Project Structure

Project Structure#

As of tidy3d>=2.6, the frontend has been restructured to improve the development cycle. The project directories follow the following structure, which is derived from some recommended Python project architecture guides. This is a handy structure because many tools, such as sphinx, integrate quite well with this type of project layout.

    # sphinx rst files
        # Git submodule repository
        # Checks out
        # Git submodule repository
        # Checks out
    # pytest source and docs
    # pytest notebooks
    # useful handy scripts
    # python source code
pyproject.toml # python packaging
poetry.lock # environment management

It is important to note the new tools we are using to manage our development environment and workflow.

  • poetry

  • pipx

Important Branches#

We currently have three main branches that have to be kept track of when creating a release, each with different functionality.

Project Branches#





Contains the latest version of the docs. Version release tags are created from this branch.

Feature PRs should not be made to this branch as will cause divergence. Only in important documentation patches.


Contains the “staging” version of the project. Patch versions and development occurs from these branches.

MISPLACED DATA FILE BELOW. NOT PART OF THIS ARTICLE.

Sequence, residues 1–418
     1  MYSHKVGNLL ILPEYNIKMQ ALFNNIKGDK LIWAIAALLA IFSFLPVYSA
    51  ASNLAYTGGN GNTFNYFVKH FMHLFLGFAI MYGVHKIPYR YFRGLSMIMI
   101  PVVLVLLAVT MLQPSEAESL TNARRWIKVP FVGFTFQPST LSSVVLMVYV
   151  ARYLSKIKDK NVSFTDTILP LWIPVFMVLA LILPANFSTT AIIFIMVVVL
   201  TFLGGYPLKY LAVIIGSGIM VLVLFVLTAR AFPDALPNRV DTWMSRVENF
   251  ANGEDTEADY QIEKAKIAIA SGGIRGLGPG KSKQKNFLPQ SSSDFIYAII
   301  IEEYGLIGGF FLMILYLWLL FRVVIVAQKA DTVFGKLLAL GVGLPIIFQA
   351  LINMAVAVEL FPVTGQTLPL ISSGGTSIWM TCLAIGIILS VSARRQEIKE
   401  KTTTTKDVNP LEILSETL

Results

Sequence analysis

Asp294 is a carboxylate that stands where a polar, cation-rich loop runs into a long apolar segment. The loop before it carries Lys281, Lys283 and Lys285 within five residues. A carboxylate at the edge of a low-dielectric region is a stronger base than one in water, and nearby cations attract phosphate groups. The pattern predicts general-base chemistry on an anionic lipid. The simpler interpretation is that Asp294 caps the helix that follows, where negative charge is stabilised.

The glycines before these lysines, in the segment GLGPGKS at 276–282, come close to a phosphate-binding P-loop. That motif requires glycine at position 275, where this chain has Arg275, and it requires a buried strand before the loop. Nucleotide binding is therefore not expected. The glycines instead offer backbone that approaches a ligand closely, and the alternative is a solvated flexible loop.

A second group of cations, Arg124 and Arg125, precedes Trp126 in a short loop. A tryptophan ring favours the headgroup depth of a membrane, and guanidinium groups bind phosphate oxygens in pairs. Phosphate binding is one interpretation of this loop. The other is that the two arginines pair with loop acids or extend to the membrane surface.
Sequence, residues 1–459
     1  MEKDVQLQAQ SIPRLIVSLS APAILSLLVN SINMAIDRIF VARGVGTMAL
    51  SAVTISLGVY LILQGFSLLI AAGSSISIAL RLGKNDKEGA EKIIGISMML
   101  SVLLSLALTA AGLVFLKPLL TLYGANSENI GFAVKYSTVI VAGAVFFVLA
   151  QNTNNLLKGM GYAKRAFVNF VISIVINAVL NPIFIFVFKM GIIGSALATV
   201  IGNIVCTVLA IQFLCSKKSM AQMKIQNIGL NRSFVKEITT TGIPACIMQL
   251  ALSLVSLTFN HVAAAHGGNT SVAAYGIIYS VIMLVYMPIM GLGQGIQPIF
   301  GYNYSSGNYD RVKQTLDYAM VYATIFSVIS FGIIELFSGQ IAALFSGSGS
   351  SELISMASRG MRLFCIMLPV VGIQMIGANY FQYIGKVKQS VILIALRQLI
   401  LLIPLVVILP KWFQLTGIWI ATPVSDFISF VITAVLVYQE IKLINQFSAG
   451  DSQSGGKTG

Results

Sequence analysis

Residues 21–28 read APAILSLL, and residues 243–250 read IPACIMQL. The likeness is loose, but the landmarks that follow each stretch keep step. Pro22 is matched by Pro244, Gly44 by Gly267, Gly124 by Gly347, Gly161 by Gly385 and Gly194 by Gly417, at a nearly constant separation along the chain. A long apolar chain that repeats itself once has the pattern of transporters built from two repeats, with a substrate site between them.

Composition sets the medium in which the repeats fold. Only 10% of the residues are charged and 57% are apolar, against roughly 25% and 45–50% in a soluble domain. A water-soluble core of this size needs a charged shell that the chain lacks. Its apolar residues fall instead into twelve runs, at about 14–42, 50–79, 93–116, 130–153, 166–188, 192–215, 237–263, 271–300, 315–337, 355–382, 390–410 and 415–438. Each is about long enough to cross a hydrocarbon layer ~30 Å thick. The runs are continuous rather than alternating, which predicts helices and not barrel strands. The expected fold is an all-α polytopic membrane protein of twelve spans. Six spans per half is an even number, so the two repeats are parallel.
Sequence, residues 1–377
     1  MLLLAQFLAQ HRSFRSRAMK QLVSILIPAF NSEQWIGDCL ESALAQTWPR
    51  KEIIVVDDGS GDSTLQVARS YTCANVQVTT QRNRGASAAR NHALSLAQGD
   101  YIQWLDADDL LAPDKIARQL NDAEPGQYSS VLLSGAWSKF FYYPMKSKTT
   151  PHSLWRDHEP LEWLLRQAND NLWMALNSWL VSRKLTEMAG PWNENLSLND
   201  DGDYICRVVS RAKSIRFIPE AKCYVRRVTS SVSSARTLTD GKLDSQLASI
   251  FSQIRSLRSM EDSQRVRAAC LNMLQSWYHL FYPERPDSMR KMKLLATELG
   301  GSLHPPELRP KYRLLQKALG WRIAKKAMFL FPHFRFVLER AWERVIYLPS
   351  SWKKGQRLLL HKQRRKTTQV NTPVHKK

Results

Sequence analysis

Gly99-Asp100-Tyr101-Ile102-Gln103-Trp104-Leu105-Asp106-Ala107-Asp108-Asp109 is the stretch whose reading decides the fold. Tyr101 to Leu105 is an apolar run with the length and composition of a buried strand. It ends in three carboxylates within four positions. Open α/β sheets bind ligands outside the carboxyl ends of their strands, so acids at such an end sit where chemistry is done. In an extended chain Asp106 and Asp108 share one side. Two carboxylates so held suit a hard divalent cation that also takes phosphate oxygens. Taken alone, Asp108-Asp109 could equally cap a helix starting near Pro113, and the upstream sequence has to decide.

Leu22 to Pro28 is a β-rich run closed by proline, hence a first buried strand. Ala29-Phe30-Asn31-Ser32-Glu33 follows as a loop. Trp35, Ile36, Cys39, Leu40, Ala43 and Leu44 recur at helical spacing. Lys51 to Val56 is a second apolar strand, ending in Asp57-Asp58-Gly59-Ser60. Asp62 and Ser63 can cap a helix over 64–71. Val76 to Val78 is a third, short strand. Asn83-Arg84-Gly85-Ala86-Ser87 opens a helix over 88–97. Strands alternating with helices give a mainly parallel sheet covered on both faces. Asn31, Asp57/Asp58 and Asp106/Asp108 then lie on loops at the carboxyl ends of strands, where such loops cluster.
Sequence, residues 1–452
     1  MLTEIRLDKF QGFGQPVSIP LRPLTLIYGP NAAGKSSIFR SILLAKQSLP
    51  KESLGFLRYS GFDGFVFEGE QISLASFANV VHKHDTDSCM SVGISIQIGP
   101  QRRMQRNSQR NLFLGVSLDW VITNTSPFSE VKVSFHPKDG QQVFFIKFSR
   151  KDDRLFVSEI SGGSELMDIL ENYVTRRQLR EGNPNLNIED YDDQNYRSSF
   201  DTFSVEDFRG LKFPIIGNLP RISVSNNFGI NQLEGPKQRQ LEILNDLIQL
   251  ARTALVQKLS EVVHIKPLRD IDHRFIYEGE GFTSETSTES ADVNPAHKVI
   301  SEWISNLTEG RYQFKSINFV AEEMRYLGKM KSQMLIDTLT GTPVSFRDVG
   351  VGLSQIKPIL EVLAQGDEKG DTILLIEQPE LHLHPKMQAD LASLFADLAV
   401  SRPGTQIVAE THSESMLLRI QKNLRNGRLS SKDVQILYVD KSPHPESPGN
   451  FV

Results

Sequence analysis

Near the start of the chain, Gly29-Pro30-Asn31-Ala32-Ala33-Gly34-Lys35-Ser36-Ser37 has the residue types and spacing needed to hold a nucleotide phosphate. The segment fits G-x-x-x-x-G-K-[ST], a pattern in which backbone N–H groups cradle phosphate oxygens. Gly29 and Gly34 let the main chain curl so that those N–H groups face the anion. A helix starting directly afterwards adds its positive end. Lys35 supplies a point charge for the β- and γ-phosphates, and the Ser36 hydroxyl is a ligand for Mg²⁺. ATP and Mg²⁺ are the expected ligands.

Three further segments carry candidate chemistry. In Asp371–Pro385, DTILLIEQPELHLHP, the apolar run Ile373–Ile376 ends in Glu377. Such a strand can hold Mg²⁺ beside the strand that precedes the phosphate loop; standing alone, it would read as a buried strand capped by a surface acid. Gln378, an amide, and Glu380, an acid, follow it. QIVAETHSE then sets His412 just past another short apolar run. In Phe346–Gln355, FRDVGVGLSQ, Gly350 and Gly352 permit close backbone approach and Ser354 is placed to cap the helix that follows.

Docs PRs that are non-crucial for the current version should be made to this branch.


Contains the next version of the project.

Documentation and source code that will only go live in the next version should be updated here.

Sometimes, hopefully infrequently, the latest and develop branches might diverge. It is important to bring them back together. However, what happens if we rebase develop into latest?

It could be argued that all the commits in the latest branch should have constructed within the develop branch. Then, there is the question if we want to maintain the commit history accordingly. If we just want to maintain the content, then rebasing and fixing up all the branches works fine. The problem with a merge commit is that it inserts the commits at the historical period in which they were made, rather than the commit period in which we desire to add them. Hence, it makes sense to merge the develop and latest branches in order to maintain the same history, assuming the commits should in theory have been in both branches.